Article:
It’s also a great way to compare prices between different brands when package sizes are different. You can very quickly see the price difference per 100g/100ml and decide which brand provides the best value.
Switch from dishwasher tablets to dishwasher powder
Dishwasher tablets are way more expensive than buying dishwasher powder, but are they really that much better? Chances are dishwasher powder will clean your dishes just as well (if not better), yet are an absolute fraction of the cost of tablets. Don’t be afraid to try the generic brands of powder either, I find them to be just as good as brand names, yet they are about 1/5 of the price.
Ditch cleaning products and switch to microfibre cloths
I swear by my microfibre cleaning cloths, and rarely buy cleaning products thanks to them. You can pick up multi-packs of microfibre clothes from places like Big W or Bunnings, and they will last for year. Just use them with water to clean bathrooms, glass, kitchens and for general dusting. Just chuck them in the washing machine when they need a refresh.
Sell something to buy something
Make a deal with yourself that before you buy anything non-essential, you sell something of equal or higher value first. If you can’t handle parting with something you already own, then the new item might not be something you REALLY want after all.
This is something I do with my daughters school uniforms. Uniforms are ridiculously expensive, but at the same time the quality is amazing and they just last! As she outgrows a uniform item, I sell the item that no longer fit on Facebook buy & sell groups, then buy a bigger size second hand in the same Facebook groups for the same price or less than I sold the smaller size. We take great care of her uniforms so they usually still look great once it’s time to on-sell them. This means that after buying the first lot of uniform when she started school, we are not outlaying any extra money when she goes up a size.
Following the rule of selling something to buy something stops your house from becoming cluttered, since you are removing something before you add something new to the house. It also saves you money, since you are essentially shopping for free.
Impulse shoppers – grocery shop online!
If you impulsively add things to your trolley when grocery shopping, try doing your grocery shopping online. You can then have your shopping delivered to your door, or if you don’t want to fork out extra for delivery just choose the click and collect option.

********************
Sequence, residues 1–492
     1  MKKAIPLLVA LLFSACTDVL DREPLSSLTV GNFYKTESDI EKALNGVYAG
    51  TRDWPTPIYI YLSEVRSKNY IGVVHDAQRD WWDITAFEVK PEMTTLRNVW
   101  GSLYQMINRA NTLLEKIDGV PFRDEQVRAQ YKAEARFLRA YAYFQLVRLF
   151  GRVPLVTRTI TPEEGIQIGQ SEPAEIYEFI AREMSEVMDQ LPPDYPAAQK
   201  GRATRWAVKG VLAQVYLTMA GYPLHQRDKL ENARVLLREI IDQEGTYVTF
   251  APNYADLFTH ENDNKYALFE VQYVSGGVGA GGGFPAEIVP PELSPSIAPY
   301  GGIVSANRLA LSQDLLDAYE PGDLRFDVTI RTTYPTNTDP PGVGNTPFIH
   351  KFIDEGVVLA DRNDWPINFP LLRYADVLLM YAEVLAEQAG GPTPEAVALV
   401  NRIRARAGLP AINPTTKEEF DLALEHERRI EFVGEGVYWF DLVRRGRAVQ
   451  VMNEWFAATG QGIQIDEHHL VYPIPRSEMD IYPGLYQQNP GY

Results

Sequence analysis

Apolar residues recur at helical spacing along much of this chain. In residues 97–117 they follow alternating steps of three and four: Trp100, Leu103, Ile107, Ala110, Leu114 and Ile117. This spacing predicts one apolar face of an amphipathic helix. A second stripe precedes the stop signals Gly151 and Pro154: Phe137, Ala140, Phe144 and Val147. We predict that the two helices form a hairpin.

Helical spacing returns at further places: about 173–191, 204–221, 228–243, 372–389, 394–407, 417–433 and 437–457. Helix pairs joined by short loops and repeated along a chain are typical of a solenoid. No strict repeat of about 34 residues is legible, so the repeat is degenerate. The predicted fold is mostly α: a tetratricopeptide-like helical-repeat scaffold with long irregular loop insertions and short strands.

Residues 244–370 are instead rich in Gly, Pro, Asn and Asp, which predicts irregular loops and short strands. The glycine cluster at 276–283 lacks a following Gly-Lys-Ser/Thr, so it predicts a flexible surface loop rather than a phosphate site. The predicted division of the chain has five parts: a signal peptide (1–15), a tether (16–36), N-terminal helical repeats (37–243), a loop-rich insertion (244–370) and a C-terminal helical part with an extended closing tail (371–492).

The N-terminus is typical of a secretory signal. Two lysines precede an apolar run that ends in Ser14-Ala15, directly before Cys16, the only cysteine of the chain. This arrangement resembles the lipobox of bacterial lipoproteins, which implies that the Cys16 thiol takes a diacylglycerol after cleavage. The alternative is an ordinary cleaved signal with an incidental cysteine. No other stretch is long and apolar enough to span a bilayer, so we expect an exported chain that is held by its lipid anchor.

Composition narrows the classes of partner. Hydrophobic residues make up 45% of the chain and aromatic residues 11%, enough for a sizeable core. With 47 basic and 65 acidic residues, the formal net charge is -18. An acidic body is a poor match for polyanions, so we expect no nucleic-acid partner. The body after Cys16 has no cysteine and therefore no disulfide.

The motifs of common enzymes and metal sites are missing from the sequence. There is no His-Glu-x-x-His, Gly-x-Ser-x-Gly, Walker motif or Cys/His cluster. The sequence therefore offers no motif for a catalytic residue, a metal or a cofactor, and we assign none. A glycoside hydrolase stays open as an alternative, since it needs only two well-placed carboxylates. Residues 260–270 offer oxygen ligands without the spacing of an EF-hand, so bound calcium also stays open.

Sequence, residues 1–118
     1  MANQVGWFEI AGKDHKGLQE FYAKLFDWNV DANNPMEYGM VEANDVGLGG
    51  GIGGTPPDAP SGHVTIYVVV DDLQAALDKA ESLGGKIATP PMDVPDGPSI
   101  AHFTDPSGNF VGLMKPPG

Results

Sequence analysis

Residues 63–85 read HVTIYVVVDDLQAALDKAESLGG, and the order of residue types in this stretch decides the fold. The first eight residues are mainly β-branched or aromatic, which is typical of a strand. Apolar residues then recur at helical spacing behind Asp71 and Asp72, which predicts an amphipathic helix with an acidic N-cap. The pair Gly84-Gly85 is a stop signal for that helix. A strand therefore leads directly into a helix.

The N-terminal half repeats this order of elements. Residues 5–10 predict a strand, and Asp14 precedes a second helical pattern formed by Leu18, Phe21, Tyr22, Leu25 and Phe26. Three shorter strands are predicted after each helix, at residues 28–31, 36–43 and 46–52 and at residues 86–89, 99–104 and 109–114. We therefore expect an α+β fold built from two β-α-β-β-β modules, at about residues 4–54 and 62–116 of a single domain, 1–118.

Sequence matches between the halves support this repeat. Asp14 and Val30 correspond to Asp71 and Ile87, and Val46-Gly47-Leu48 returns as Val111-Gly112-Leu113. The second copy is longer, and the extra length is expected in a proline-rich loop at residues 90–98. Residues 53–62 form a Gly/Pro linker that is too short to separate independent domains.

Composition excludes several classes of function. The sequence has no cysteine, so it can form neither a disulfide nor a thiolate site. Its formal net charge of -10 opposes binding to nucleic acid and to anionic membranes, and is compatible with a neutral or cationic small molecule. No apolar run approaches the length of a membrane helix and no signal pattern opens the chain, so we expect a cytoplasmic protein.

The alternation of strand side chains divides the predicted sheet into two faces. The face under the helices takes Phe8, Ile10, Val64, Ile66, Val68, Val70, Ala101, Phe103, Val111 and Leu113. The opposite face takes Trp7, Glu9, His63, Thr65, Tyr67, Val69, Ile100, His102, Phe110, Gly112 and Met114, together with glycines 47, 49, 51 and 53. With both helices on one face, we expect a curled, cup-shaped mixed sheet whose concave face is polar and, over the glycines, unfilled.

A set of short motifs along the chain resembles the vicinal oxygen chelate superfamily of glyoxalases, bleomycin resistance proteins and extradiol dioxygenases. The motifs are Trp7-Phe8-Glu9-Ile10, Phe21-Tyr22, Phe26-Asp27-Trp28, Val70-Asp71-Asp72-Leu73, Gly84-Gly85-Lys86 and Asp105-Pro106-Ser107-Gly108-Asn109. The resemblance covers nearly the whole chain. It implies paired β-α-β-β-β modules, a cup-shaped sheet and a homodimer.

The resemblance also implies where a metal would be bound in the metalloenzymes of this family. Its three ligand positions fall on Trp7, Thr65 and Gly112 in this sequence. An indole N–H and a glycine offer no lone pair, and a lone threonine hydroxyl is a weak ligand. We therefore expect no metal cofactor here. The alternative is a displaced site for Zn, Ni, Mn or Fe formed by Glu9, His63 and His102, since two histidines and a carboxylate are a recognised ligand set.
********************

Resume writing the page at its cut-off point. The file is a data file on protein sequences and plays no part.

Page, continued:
Shopping online means you aren’t distracted by all of those sale signs and flashy end of aisle displays, and you can review your cart before you pay. It’s hard to change your mind about items once you hit the checkout in the supermarket, but it’s extremely easy to delete items from your cart when shopping online.
If you are shopping to a budget, you can also easily tweak your cart until it comes in under budget. It’s very hard to do this in a store unless you shop with a calculator, notepad and have plenty of time on your hands.
How many hours will you need to work to make that purchase?
Working out how many hours you will have to work to purchase an item is a real eye opener! Just divide the price of the item you want to buy by your hourly after tax income. For example, if you want to buy an item worth $100 and your after tax hourly income is $25, it will take 4 hours of work just to pay for that one item. Using this little trick every time you are about to make a purchase quickly helps you decide whether the item is really worth it!
Change the way you think about sales
It can be pretty hard to pass up a great bargain, and I always find myself drawn toward those sales racks. But rather than considering how much buying an item on sale is going to save you, switch your thinking.
If an item was $300 and has been reduced to $150, most of us would think that’s an amazing find, and that by buying that item we will save ourselves $150! Next time you are in this situation, instead remind yourself that the item is not saving you $150, but is instead costing you $150. It’s a great reminder that you are still outlaying money for the item, especially if it’s something you don’t actually need.